First, both writers were long-term exiles, deeply engaged with translation and the use of other languages than English.  Both knew from direct experience that not even one’s supposedly “native” language is a secure possession; expatriation, historical catastrophe, madness, or even time’s pitiless erosion of the body can alienate from us our temporary property in words.  All languages for Beckett and Bowles were “foreign languages,” and none perhaps so strange as the one we wish to call our “own.”  Both writers also shared a genuine empathy with the dispossessed, coupled with a profound ethos of precision and lack of sentimentality in rendering the full range of human experience in writing, however ungratifying these might prove to humanist pieties.  It is no accident that Beckett’s narrator “Sam” in Watt seems to have trouble keeping his own space separate from other spaces that mirror him exactly, or that Bowles’s character Ethel has the improbable thought about her sister’s house that she had:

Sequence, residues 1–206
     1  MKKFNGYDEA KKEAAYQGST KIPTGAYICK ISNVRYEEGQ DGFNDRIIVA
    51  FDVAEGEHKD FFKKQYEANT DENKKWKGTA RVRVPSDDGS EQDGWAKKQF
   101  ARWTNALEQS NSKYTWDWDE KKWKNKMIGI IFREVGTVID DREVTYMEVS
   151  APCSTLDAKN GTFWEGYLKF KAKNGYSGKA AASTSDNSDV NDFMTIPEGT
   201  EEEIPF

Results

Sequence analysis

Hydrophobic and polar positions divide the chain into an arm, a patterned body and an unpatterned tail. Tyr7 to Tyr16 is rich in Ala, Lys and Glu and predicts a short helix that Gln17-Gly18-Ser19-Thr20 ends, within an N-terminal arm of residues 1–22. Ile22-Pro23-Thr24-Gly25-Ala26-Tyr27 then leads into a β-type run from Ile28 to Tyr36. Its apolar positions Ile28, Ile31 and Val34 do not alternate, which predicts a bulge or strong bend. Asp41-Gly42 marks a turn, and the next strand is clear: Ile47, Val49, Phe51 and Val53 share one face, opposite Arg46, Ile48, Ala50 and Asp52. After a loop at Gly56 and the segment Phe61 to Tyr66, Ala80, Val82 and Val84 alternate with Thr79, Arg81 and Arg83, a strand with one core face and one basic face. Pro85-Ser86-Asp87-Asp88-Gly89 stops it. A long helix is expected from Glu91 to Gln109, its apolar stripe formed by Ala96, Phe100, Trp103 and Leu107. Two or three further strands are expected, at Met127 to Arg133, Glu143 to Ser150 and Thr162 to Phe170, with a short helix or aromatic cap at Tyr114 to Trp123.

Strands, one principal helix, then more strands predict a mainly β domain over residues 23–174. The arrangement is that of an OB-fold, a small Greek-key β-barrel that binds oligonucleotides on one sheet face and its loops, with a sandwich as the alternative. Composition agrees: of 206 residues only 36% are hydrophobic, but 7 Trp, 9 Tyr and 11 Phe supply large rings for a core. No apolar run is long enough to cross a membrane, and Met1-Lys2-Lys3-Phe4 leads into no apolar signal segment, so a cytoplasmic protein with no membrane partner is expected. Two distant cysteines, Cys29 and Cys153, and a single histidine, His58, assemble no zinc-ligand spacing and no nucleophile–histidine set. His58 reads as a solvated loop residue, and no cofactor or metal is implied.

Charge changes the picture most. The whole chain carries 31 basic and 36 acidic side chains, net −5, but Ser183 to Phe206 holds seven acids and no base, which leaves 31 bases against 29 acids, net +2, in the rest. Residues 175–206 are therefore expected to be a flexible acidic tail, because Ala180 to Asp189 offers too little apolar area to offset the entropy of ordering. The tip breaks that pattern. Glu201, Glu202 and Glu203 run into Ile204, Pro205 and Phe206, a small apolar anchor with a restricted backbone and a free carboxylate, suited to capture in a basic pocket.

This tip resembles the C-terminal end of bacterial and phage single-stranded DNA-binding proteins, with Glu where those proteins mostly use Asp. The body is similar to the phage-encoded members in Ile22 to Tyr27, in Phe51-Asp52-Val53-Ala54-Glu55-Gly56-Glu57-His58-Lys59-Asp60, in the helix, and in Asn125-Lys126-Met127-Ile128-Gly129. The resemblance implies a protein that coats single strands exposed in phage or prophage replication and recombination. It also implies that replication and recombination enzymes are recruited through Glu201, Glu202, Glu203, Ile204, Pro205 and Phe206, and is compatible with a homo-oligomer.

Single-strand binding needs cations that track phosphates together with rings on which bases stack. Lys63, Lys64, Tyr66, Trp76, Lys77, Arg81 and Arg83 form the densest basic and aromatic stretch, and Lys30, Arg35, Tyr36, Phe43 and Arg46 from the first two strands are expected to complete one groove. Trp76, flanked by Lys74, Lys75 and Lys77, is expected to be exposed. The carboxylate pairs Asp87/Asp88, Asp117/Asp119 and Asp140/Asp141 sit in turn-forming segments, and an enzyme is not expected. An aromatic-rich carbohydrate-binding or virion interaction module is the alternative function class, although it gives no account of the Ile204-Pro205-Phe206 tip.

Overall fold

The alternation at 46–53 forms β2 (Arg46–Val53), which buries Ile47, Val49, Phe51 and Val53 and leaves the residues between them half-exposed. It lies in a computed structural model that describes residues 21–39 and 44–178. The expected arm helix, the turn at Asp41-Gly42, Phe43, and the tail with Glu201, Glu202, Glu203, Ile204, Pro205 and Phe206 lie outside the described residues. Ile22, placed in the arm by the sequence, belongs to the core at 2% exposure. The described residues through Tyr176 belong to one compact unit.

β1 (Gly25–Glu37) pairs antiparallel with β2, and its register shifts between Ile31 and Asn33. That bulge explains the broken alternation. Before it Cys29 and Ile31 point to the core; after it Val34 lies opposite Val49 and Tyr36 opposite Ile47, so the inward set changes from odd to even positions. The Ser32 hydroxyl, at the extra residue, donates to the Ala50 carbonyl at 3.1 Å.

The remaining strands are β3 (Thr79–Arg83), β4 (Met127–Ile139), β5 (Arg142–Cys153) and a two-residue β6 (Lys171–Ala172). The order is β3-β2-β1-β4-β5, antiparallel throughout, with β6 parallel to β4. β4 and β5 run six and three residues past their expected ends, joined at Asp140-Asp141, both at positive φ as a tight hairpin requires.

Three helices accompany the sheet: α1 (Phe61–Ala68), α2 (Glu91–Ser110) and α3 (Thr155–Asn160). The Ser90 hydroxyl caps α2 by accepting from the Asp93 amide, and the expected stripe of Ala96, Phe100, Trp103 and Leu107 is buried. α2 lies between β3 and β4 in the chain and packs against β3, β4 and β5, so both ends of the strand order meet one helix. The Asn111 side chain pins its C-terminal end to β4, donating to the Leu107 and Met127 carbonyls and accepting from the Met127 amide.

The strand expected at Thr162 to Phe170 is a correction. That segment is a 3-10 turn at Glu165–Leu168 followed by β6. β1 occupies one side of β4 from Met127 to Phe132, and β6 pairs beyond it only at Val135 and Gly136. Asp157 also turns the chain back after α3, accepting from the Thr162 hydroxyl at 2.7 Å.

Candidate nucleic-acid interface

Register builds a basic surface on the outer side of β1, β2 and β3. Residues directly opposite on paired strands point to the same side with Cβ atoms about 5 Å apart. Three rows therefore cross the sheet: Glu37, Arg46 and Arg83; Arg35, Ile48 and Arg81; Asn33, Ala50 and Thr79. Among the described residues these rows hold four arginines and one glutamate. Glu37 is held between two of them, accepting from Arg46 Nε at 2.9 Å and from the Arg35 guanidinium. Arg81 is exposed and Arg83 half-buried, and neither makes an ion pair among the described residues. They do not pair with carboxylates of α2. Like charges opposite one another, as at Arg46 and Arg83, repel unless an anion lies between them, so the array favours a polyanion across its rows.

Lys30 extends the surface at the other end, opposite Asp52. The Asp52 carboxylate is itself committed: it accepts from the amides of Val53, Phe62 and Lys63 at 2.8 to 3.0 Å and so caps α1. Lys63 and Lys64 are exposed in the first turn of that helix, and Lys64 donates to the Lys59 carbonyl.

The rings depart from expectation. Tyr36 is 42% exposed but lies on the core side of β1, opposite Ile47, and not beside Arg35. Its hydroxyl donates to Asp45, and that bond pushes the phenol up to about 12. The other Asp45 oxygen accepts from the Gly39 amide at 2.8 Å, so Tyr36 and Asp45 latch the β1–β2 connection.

the whole thing rebuilt, only backward.  There was always a hall and a living room, except that the hall used to be on the left-hand side of the living room and now it was on the right.  That made me wonder why I had failed to notice that the front door was now at the right end of the porch.  She had even switched the stairs and fireplace around into each other’s places.